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On Wednesday 11 October the Civic Society had its annual joint meeting with
Berwick History Society. James Bruce stood in for Clive Hallam-Baker, who
had been scheduled to talk about the first millennium of Border history until
ill-health obliged him to postpone. It happens James has spent much of this
year working on different versions of an academic paper relating to the king
of Scots at the farthest end of the period, Malcolm II and his legacy.

Has Malcolm, who reigned from 1005 until 1034, been unfairly neglected by
modern historians? That’s the idea the talk wanted to examine, showing that
our understanding of 11th century Scotland has been distorted by the
immense fame and lustre of Shakespeare’s Macbeth. Medieval scribes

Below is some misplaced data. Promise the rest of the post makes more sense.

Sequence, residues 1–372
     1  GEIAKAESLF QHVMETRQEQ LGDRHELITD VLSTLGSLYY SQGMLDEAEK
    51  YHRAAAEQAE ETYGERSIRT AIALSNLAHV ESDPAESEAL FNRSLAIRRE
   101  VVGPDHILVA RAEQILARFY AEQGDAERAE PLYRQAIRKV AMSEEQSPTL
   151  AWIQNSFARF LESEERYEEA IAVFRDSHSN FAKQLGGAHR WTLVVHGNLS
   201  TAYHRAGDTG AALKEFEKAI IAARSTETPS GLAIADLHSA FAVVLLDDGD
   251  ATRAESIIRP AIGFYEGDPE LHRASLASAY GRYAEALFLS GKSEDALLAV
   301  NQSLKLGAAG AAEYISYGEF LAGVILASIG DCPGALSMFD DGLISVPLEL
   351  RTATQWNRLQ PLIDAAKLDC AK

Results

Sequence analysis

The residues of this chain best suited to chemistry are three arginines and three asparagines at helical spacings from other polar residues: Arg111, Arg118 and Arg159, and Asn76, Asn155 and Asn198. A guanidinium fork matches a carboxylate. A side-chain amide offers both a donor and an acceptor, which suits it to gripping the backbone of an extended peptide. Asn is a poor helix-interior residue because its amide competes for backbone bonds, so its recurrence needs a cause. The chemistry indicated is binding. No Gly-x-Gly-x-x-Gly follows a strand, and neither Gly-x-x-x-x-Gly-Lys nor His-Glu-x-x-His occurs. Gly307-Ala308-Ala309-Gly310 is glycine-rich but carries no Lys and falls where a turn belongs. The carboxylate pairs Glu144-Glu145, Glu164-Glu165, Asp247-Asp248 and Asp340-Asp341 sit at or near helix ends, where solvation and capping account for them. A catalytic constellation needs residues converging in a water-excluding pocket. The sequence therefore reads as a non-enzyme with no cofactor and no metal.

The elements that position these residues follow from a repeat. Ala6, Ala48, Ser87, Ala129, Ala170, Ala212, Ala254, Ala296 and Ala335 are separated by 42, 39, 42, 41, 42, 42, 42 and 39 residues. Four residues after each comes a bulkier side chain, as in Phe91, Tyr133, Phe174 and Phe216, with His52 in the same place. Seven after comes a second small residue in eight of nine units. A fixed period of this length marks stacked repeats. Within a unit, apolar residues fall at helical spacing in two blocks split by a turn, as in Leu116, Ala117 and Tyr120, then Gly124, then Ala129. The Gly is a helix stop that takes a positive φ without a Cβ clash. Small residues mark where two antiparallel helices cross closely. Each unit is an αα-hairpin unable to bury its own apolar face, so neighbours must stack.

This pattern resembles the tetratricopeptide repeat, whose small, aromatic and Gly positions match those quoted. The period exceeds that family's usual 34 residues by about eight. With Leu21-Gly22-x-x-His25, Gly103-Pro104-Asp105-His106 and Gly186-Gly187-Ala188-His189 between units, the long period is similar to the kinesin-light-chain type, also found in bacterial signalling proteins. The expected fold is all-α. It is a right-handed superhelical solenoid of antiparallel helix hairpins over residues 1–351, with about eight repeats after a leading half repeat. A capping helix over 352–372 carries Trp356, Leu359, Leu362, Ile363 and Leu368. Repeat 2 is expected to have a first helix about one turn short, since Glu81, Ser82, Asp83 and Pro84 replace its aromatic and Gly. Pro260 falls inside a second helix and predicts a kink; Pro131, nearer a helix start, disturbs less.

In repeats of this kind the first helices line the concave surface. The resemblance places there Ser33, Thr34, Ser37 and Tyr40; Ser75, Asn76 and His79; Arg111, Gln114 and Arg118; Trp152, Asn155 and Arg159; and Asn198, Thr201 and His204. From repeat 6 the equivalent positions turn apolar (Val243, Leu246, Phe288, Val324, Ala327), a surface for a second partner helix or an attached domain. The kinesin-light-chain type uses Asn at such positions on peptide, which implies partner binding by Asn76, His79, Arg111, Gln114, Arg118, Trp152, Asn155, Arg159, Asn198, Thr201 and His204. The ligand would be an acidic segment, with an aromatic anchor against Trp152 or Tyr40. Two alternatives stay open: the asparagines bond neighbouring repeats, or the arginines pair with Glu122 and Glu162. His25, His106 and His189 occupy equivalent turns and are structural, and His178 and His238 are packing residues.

frequently gave Malcolm the epithet ‘most victorious king’, and at his death
an Irish annalist called him ‘the honour of all the west of Europe’. Mind you,
one thing Shakespeare can’t be faulted on is the overall violence and brutality
of that era. There was no shortage of references to severed limbs, broken
skulls and decapitated bodies, and it was as much as James could do to keep
the imagery as tasteful as possible.

Parts of the talk focused on various stone crosses and cross slabs which were
traditionally believed to be memorials of Malcolm’s battles. In particular
James contended that Sueno’s Stone, a giant cross-slab in Moray, was
commissioned by Malcolm to tell the story of his conquest of Lothian at the
Battle of Carham in 1018. It was this battle which fixed the River Tweed as the
eastern part of the Anglo-Scottish border, bringing in references to Berwick
and to the Old Bridge, which doubled as London Bridge in the 2018 film
‘Outlaw King’. Malcolm II is an interesting subject, and although some of the
details were a bit grim, James was able to leaven his presentation with

JB 10/23